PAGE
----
Much of what happened to Christian churches in America can be illustrated by the well-known bell-shaped curve. It provides part of the explanation to what is happening to mainline churches.
The top of the curve represents the mid-point in the distribution of any characteristic over a large population. People who have more of that characteristic are on the right side. People with less are on the left side. The bottom of each side flattens out, and people on the far right and left are called outliers. There are not very many of those. We are talking about perhaps five percent on each extreme.
Take athleticism for an example. Two thirds are roughly average, represented by the darker shade in the middle. The outliers on the right are high in athleticism (coordination, reflexes, speed). Those far out on the right side would do well in college sports. Professional athletes would be very far on the right, perhaps one thousandth of one percent.
The point I want to make is that churches need to pay more attention to the left side of curve, too. The outliers on the left would be the severely mentally challenged, who need special attention. Below the average (the darker shade) and above those who are very slow is a segment of the population (perhaps 13%) that lack the ability to make good decisions. I saw this in my first congregation in the poorest neighborhood in St. Louis. Over the course of two years, I witnessed many of those poor whites make decision that those on the right side would consider poor choices. Unfortunately, those far down on the left curve will most likely remain poor because of their lack of basic decision-making ability.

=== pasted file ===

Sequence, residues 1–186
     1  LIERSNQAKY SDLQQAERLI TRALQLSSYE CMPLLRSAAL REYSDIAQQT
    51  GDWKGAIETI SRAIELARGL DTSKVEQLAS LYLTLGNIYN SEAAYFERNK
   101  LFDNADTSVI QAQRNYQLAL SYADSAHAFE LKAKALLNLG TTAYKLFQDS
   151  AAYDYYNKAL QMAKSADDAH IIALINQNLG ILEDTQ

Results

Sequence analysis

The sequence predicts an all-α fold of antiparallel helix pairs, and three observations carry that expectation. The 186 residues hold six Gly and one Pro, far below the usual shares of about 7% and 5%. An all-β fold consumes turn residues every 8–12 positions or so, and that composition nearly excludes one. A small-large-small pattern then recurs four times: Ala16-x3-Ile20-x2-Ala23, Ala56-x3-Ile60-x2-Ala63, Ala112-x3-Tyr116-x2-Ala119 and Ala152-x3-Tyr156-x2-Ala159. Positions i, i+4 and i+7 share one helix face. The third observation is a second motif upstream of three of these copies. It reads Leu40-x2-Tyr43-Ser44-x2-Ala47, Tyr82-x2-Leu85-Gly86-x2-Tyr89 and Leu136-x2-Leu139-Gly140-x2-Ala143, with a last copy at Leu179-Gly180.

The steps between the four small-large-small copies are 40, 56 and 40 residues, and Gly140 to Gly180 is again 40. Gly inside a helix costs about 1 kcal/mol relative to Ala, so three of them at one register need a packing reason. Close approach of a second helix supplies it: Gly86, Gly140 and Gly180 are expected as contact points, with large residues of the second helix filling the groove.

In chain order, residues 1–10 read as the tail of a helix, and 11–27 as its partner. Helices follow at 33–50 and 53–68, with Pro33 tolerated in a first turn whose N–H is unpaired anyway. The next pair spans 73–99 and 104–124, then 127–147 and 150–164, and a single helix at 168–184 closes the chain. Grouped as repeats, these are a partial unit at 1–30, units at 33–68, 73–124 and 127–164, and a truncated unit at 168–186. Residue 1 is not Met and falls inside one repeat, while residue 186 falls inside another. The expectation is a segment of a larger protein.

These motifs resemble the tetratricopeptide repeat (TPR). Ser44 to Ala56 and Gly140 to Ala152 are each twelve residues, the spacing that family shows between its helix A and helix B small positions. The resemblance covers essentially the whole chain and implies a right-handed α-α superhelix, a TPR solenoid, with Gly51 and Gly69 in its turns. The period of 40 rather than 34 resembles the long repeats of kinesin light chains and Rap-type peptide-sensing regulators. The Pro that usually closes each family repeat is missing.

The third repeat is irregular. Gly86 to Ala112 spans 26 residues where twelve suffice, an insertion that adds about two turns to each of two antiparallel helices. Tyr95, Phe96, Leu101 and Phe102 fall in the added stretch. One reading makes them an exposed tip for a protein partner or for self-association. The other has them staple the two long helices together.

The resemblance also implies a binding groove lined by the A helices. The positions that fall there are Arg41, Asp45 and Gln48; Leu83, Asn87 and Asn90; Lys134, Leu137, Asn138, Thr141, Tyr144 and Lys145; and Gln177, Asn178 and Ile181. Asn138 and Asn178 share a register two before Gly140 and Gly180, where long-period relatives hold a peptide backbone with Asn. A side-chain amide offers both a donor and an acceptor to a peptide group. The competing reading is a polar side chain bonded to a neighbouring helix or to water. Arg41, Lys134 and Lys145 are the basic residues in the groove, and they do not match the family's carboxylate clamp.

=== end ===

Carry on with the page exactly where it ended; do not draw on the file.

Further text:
What does this have to do with mainline churches in America? With university-educated pastors, these churches draw from the right curve, especially from perhaps the top 30% of the population. These definitely approach church head-first. Remember, Martin Luther was a university professor and John Calvin was a sophisticated lawyer.
With freedom of choice in America, the remaining 70% would be comfortable approaching God heart-first and will be drawn to congregations that have strong emphases on hearts. They typically no longer find “the right fit” in mainline churches. Historically, heart-first congregations broke off from the head-first mainline churches to form their own congregations and denominations. The ideal is to appeal to the heart as well as to the head.
What are the options for mainline churches as they continue their decline? One is to continue to appeal to those on the far-right side of the curve. But their liberal approach to church life doesn’t draw well today because, I think, the promise of a better life simply hasn’t emerged. The liberal promises have not delivered a better quality of life.
The other option is for mission-minded congregations in mainline denominations is to go their own way in reaching out to the full range of the population. To do that they will have to figure out how to add heart to their present head emphases. This will involve much more informality with contemporary expressions.
Watch this trend emerge. Most traditional mainline churches are very likely to continue their decline.